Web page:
John Day River
A few months ago, my old climbing buddy Brian emailed me. I hadn’t seen him in 8 or more years, but we’ve stayed in touch. He’s retired from climbing these days, but has taken up rafting with enthusiasm. He was listing his plans for the next few months, and I invited Kim and myself along. The trip grew into a full week vacation for Kim and I.
I was busy the week leading up to the trip, and didn’t get everything as organized as I wanted. We didn’t end up leaving until Sunday morning, with the Honda Fit loaded with camping gear, climbing gear, fishing poles and more. I’m always impressed with how much that little car can hold. We headed north, and after a pretty drive of about 6 hours, we arrived at Brian and Cindy’s nice little house in the woods of Oregon, about 25 miles south of Bend.
After a short rest, and my jealous inspection of Brian’s enviable shop and garage, (sooo much storage!) we began to organize. We packed some gear, packed coolers, and loaded the van for our monday morning start. Dinner and bed.
Monday we rose early, hopped in the van and headed north. Oregon is pretty, and the drive went quickly. Once at the river, we loaded the rafts. It makes kayaks seem very simple! Of course, when loading kayaks you don’t get to pack coolers and camp chairs.
Before long, we were pushing off, and heading down the river. The flow was pretty good, around 7,000 CFS, and would rise to over 12,500 CFS while we are on the river. I should mention now that although I’ve paddled many kayaks, my rafting experience is very limited. I rowed a few hours on the Grand Canyon, but really just in flat water. We were on an oar boat, meaning that I was rowing the boat with a single pair of long oars. These oars give you considerable leverage over the raft, but things happen in slow motion compared to a kayak. It’s like driving an 18 wheeler versus a motorcycle.
We headed down the river, and it wasn’t long before we were in some fun Class II rapids. Nothing big, but in the raft they felt pushy and I was paying attention. Just an hour or so into the paddle, Brian signaled to eddy out and scout. We climbed a small hill, and scouted what looked liked an easy Class II rapid. Brian and Cindy (who had done the river before) thought this was the Class III rapid, but had washed out. We returned to the rafts and ran it without incident. Brian announced that “you’ve now run the hardest rapid on the river” and I relaxed a bit. I was starting to feel like I understood this rowing thing.
Not 5 minutes later, we came round a corner. I had taken the turn wide, and ended up in a shallow rock area. Cindy and Brian were heading into an eddy, and signaling me frantically. I was struggling with the oars in rocks, and missed the eddy. As we floated past, I hear them yell, “This is the Class III”. I turn the boat, and look at what appears to be a pretty straightforward rapid, but with some pretty big waves (remember, this is a class III rapid at most flows, some reports call it IV, and we’ve got high water.). I can see the line, and row furiously to get us on line. We hit one big wave, then another, then another. As we head into the biggest, I’m feeling pretty good. We hit and I learn something about rowing. Those long oars give the boatsman great leverage, but also allow the water to impart great leverage on the boatsman. My oar catches, and before I know it, I’m FLUNG from the boat. The cold water, and the fact I’m in it, is quite a shock. As I come to the surface, I swim rapidly back to the raft, but struggle to get back on board. All the while I’m worried aobut where the raft is going, and what will happen to Kim. I yell at her to climb back on the raft, and she does, taking the helm and beginning to row. I explain that I want her to help me back into the boat! She does, and soon I’m rowing again. Whew. We make it through the rapid upright, and though I’m a bit cold, the only casualty is my Teva sandal, which ripped.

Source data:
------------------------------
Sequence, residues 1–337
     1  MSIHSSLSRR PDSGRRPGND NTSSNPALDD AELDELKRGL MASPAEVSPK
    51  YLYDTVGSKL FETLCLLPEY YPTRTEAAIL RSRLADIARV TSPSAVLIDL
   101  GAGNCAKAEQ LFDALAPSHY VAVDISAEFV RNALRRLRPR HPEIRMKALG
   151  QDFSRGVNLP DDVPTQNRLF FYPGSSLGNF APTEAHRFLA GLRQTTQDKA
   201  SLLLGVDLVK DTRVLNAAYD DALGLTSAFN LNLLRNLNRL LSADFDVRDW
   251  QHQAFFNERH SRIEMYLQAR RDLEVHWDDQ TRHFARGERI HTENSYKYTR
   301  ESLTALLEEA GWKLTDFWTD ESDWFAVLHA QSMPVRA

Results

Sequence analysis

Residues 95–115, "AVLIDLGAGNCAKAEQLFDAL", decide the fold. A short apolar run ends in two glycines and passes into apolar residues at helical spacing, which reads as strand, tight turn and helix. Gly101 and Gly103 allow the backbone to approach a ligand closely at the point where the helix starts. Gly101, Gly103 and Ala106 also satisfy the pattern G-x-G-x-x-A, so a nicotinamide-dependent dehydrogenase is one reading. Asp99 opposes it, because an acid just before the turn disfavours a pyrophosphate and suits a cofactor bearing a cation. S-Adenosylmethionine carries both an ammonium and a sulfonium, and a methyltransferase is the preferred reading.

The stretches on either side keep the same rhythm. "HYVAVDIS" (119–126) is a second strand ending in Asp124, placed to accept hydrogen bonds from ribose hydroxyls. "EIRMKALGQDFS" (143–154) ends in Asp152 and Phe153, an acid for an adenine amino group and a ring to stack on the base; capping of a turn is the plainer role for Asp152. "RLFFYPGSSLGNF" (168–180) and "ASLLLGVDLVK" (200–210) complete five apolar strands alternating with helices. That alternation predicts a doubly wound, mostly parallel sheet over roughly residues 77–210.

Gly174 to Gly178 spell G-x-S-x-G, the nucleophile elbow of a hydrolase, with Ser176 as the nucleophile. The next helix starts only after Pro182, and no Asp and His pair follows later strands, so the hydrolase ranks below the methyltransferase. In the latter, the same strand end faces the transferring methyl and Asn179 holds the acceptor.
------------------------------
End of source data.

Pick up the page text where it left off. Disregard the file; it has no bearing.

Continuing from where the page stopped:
From here out, the river was mellow. A few class II rapids, but mostly pretty easy. Fun rowing, and gorgeous. Each afternoon we’d find another amazing campsite. The river certainly had the feel of a 1/4 scale Grand Canyon in spots, and we saw wildlife including river otters and bighorn sheep. (see the pictures.) Pretty, relaxed, and fun. We ate well, with meals including Pad Thai and Shrimp Artichoke Pesto. It was one of the most plush non-guided camping trips I’ve ever done. After the Grand Canyon, Peru, and this, I might be getting soft.
We were on the river for 5 days. Super relaxed, super fun. We fished some, (no luck really) and read lots. It was nice, and Brian and Cindy were good river companions.
After the river, we returned to Brian and Cindy’s. Went Fishing that evening, and then got up early to head to Smith Rocks. We stopped in Bend, which is a super cute mountain town. Walking around, we spotted a church garage sale, where I got a killer deal on a used pair of snow skis and boots. Score. A yummy breakfast, and we finally got on the road to Smith Rocks. I’d only packed Sport climbing gear, so we were limited, but what an amazingly cool place. Neat rock, gorgeous, and fun climbing. I’d like to go back. Storm clouds threatened, but we got 5 climbs in before it was time to head home. Really, really neat.
We decided to take the scenic route home. We headed Southwest from La Pine, and were soon driving through gorgeous pine covered mountains. It was a bit cloudy for Crater Lake, but still gorgeous. We left there, and continued west, following the upper Rogue River and several other creeks. Some impressive tall waterfalls, and a short horsback ride filled our day with fun an scenary. Spectacular.
Proof that you don’t have to go far to have a great vacation and a bit of adventure.
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